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Personal use of drugs unlikely to be completely decriminalised as govt fine-tunes NDPS tweaks

Offenders who opt for de-addiction voluntarily could potentially be spared a criminal case, according to proposed amendments to Narcotic Drugs and Psychotropic Substances Act, 1985, 

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New Delhi: The proposed amendments to the Narcotic Drugs and Psychotropic Substances (NDPS) Act, 1985, are unlikely to decriminalise personal consumption of drugs completely, ThePrint has learnt.

Senior officials, however, told ThePrint that in case offenders opt for de-addiction voluntarily, there would be no criminal case against them. 

The amendment bill is likely to come up in the winter session of Parliament. 

The government has been debating and working on several proposals to bring exhaustive changes to the NDPS Act, including possible decriminalisation of personal consumption of drugs. 

According to sources, it is being debated whether such decriminalisation will negatively affect the fight to discourage people from consuming drugs. Hence, the draft is likely to contain much watered-down provisions for decriminalisation of personal consumption of drugs. 

A senior government official said that at a meeting this week of all relevant ministries, the provision of allowing addicts to undergo de-addiction voluntarily, and not lodge criminal cases against them, was discussed.   

“Either government or government-aided institutions will provide free treatment for 30 days to addicts so that they can get back to their normal life,” the official said. “Their identity will also be protected and they will also be protected from prosecution if they come forward willingly and opt for rehabilitation. The government wants to encourage voluntary reform.” 

According to sources, at the same meeting, the issue of decriminalisation was debated at length and it was felt that the issue is too complex and should be dealt with carefully.

“It was earlier proposed and debated that if someone is caught with a small amount for personal consumption they should not be prosecuted but should be sent for rehabilitation. However, this is unlikely to be approved. At the recent meeting, most pointed out this should not be approved,” said the senior official.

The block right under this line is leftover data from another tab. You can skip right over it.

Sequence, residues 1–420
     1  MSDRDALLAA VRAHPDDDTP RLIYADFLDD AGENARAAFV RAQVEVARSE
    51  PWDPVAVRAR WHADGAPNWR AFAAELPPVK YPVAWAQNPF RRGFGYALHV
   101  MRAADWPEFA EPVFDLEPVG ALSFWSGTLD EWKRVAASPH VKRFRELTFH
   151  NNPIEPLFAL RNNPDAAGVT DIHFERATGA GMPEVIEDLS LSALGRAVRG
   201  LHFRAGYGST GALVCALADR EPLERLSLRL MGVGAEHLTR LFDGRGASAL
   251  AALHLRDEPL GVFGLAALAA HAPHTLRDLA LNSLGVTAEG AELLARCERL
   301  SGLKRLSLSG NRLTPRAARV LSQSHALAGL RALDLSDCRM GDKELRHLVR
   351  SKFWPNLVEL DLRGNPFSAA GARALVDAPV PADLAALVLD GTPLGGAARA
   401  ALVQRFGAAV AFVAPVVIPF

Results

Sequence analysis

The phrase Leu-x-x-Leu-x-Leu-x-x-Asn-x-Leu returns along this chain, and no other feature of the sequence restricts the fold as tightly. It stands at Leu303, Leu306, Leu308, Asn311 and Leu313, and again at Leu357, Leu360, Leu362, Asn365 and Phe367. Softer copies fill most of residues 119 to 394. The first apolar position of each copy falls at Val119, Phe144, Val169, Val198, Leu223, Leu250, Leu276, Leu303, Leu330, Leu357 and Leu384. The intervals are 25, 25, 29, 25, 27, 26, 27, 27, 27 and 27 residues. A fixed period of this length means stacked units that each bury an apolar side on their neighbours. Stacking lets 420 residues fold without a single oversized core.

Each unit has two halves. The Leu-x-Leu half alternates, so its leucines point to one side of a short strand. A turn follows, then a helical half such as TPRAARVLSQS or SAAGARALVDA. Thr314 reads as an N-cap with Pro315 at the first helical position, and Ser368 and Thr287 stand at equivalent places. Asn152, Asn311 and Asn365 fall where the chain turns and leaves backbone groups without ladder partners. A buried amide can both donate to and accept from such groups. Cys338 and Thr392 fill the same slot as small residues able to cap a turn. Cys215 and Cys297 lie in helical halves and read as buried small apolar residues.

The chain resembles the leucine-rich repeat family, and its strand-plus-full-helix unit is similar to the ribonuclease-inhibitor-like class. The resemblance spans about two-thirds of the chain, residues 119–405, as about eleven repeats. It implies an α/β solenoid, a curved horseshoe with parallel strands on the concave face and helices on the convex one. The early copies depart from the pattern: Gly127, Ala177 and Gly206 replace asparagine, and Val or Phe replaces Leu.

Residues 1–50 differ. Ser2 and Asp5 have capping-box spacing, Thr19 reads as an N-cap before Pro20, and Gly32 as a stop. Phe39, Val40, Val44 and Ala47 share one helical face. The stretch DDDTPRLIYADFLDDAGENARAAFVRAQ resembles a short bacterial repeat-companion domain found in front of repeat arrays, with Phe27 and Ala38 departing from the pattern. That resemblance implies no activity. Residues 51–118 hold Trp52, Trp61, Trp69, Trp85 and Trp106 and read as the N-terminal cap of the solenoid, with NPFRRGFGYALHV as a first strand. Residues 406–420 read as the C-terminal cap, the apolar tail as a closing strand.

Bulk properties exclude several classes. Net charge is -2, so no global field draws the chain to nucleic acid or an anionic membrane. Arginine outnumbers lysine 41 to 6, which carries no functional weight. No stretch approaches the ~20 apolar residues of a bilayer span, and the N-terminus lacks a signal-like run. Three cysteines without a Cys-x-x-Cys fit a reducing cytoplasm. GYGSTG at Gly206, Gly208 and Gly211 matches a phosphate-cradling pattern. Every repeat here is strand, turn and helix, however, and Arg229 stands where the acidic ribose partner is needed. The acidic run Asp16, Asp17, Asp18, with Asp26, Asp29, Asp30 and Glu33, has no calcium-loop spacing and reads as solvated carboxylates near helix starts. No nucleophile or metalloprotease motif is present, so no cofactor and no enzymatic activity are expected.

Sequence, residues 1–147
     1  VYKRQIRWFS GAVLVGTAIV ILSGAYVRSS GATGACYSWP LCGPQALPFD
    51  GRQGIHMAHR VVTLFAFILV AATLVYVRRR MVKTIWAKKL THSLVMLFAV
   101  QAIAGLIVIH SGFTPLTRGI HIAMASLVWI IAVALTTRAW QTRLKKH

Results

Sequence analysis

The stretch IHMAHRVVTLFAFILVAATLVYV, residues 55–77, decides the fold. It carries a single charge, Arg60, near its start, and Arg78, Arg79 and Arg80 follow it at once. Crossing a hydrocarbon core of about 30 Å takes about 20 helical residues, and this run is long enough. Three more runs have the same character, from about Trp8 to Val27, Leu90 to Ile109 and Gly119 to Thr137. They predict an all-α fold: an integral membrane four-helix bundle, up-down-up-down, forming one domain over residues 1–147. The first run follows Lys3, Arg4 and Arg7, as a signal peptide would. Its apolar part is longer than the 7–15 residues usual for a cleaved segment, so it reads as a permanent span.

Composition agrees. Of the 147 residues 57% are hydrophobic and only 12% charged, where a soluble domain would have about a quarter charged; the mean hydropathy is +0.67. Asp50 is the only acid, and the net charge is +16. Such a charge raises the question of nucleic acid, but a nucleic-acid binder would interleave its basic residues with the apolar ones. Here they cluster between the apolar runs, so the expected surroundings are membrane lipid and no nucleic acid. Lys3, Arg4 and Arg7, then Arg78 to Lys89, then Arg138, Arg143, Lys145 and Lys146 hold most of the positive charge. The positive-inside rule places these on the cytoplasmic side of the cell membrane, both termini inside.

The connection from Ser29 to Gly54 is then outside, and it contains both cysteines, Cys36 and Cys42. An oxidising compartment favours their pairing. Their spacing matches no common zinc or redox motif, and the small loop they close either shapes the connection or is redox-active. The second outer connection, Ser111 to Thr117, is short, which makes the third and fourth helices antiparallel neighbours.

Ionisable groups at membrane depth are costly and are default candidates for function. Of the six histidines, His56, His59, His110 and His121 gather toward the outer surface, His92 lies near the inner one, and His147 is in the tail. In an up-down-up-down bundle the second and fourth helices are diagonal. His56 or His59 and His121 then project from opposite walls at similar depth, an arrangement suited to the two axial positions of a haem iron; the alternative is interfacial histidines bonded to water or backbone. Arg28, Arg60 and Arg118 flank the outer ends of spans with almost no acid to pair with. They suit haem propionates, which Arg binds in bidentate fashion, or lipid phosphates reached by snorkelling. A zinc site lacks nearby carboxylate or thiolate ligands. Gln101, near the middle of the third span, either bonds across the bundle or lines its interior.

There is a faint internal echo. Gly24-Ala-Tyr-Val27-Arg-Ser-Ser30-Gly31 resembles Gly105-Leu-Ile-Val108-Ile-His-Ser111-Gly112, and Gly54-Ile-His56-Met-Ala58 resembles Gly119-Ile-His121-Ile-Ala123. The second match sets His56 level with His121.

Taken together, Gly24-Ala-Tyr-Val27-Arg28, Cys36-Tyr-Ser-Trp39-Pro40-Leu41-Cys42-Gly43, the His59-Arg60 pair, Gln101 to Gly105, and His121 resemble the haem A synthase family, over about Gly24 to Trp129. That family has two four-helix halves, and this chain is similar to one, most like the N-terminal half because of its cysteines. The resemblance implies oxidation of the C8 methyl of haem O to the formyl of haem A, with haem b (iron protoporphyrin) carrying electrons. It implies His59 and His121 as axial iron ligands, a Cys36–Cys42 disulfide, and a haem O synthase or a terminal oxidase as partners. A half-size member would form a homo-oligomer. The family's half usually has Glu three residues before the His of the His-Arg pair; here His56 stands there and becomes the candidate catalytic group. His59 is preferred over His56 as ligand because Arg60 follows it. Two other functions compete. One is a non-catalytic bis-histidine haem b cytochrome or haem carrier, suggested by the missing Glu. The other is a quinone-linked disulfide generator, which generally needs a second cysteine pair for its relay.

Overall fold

Also read: As Modi govt plans NDPS Act changes, 27,072 drug case undertrials in India rot in jails

Amendments in the works

Earlier, in an attempt to help victims of drug abuse, the government was looking into the possibility of decriminalising personal consumption of small quantities of drugs including cannabis, narcotics and psychotropic substances. 

The recommendations in this regard had come at a high-level meeting on 10 November at the Prime Minister’s Office involving top officials from the Department of Revenue, Ministry of Home Affairs, Narcotics Control Bureau, Social Justice Ministry, and Health & Family Welfare Ministry.

The matter was taken up in the wake of the recent cases involving actor Rhea Chakraborty and Shah Rukh Khan’s son Aryan Khan — both of whom were accused of drug consumption. 

It was being proposed that in relation to poppy straw, opium, cannabis, psychotropic substances and other drugs and narcotics, where the contravention involves small quantity and possession is solely for personal consumption, a mandatory admission at a government-run or supported rehabilitation or de-addiction centre be encouraged.

The government is also set to introduce the Narcotic Drugs and Psychotic Substances (Amendment) Ordinance, 2021 (NDPS Amendment Ordinance) — aimed at rectifying a drafting error — in the ongoing Parliament session too.

(Edited by Arun Prashanth)

Also read: Aryan Khan isn’t a show to enjoy. NDPS is a weapon vengeful state could use on you or your kids


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